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A pretty standard pool at Holiday Inn.

Growing up a Navy brat has its disadvantages. One of them being that my dad was never stationed close to Montana where his and my mother’s families lived. Most of my aunts and uncles lived in Montana, and all our family reunions have been in Montana. As a consequence, our family vacations involved getting into the car and driving to…you got it…Montana. We’d drive at a determined clip that would require the least number of pit-stops and hotel stays. And, we always, always, always, stayed at a “Holiday Inn.” The smell of chlorinated indoor pools conjure up summer in a big way for me.

Once in Montana, we divided our time between my mom’s family and my dad’s family. Dad’s folks lived in Billings and Mom’s lived in a place most people have never heard of, a tiny town called Roberts that is close to Red Lodge. I know there was some intermixing of families, but I can’t recall them all that clearly. This post, however, was urged by a summertime craving that has kicked in big time for me. And I know it’s related to my Herbert family visits in Roberts.

My grandma owned and operated the Robert’s cafe. It was a homey place with a long counter lined with red leather and chrome stools that seated my generation in one fell swoop–there are thirteen of us. (If you are family and happen to read this, correct me if I’m wrong!) Across from the stools were several booths made of fir, I think, and thin barely bottom-relieving cushions. Were there dear antlers on the end of the booths as coat hooks? I can’t remember, but they wouldn’t have been out of place.

The kitchen was straight back from the front door, and there was an open sort of extra space to the right and behind the main counter wall that was used for family meals and storage. I don’t know where my parents slept, and I think my brothers slept in the garage. I do, however, remember where I slept. And this brings me to my craving.

My grandma was a down-home cook. I have her recipes compiled in a book and they go something like this:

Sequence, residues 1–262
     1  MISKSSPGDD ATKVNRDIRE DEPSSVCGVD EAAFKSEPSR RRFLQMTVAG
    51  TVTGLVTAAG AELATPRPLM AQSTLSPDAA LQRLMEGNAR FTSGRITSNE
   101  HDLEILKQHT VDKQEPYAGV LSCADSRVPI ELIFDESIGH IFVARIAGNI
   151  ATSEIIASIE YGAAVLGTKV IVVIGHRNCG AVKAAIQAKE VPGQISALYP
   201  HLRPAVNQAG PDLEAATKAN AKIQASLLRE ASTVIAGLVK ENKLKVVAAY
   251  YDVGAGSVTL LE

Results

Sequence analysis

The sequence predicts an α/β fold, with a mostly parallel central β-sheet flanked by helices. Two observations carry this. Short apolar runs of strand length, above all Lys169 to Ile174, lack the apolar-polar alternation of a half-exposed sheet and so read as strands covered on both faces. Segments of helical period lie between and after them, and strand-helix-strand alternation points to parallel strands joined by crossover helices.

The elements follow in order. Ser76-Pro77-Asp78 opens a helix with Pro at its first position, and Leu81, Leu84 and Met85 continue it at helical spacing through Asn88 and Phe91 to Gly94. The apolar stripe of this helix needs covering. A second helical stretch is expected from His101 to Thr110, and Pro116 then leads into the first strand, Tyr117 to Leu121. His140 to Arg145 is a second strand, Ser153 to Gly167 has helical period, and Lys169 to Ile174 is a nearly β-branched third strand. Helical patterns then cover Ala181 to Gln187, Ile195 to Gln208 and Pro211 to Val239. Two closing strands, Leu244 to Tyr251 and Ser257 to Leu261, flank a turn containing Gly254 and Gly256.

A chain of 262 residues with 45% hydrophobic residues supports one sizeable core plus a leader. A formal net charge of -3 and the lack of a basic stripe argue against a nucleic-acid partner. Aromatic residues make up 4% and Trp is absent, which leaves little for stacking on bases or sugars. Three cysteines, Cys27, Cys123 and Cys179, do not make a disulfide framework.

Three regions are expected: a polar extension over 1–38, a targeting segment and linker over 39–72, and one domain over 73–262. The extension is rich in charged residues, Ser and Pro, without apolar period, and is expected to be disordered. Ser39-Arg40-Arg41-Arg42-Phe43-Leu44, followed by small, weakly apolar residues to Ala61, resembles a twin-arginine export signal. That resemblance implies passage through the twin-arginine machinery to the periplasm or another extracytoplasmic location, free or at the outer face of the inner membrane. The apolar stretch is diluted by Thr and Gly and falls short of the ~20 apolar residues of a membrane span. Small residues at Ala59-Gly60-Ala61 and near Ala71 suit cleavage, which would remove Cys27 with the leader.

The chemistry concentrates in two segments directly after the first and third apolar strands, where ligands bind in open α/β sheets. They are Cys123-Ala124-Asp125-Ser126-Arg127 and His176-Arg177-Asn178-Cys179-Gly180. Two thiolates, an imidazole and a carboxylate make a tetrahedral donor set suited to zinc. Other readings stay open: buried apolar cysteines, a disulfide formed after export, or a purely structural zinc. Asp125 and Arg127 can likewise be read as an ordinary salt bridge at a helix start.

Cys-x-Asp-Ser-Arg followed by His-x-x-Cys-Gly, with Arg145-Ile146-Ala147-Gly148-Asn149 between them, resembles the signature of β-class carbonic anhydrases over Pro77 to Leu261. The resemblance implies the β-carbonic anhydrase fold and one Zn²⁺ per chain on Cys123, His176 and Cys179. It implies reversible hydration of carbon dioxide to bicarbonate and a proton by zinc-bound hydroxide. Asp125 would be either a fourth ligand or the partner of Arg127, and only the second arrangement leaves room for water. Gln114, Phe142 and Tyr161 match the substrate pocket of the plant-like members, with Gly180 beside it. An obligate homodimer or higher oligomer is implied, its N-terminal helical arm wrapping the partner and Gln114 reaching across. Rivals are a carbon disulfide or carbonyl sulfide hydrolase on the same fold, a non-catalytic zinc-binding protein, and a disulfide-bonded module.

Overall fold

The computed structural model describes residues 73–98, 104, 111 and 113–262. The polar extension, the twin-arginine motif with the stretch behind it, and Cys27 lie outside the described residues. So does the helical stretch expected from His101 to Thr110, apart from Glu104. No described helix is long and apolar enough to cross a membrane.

“Chocolate Cream Pie”
Make a vanilla custard. Add 3-4 tablespoons cocoa.

Plain and simple...rolled and flattened. No rolling pins or fancy shapes.

She didn’t need to be told how to make a vanilla custard, she just did it. Her food was simple and unencumbered by capers, truffles or exotic spices. She had a daily special which came with a dessert. The dessert was ice cream and a cookie, your choice of vanilla or chocolate ice cream and your choice of cookie. She may have had a greater repertoire of cookies than I recall, but I only remember two kinds–chocolate chip and sugar.

When I was younger, I slept in the room off of the kitchen in a crib. I slept in that damn thing until I got too big and had to sleep with my knees up to my chest. I think I might have been eight or nine before I began sleeping somewhere else on our visits. Right above the crib was a shelf. On the shelf were several green (red? green and red?) coffee cans filled with…you got it…cookies! The secret to why I wasn’t so upset at being crammed into that crib was the perks that came with the spot. An unlimited supply of cookies just feet above me.

My grandma didn’t just bake a dozen or so cookies at a time, either. In my memory there were always thousands of cookies, but I’m sure it was more like ‘several dozen.’ The chocolate chip cookies were good,but they were not my favorite. It wasn’t hard to stand up in the crib, reach into a coffee can filled with cookies and snatch a couple. Or a dozen. I don’t know how many cookies I snitched as a child, but I probably didn’t fool my grandma. She never called me on it, but I do remember getting to help her make a few batches during our visits. The craving that seems to sweep down on me every year is for the sugar cookies. And, it always seems to come in the summer time. Like, right NOW. It’s linked with memories and nostalgia, but it is always sugar cookie time in the summer for me.

Cookie presses. My mom had one with four hearts in a circle.

Her recipe was simple. No rolling on the counter and using cutters for this busy woman. The dough is made, made into little balls, and then flattened. I can’t remember if she used a glass to press them flat. My mom had a set of cookie stamps that she used to make them, and I’ve since purchased a set of my own. Whether they are plain flat or intricately patterned, they taste the same.

Oh, and since you’re going to ask anyway:
Grandma Herbert’s Sugar Cookies

1 Cup Margarine
1 Cup Shortening
1 Cup granulated sugar
1 Cup powdered sugar

Cream the above.

Beat in:
3 tsp vanilla
1tsp salt
2 beaten eggs
4 1/2 cups flour
1 tsp soda
1 tsp cream of tartar

Roll into 1″ balls and flatten with glass or cookie press dipped in sugar.
Bake at 375 degrees F until done. Makes a lot.

We’re having a reunion next year…in Montana. I’ll be bringing some cookies.

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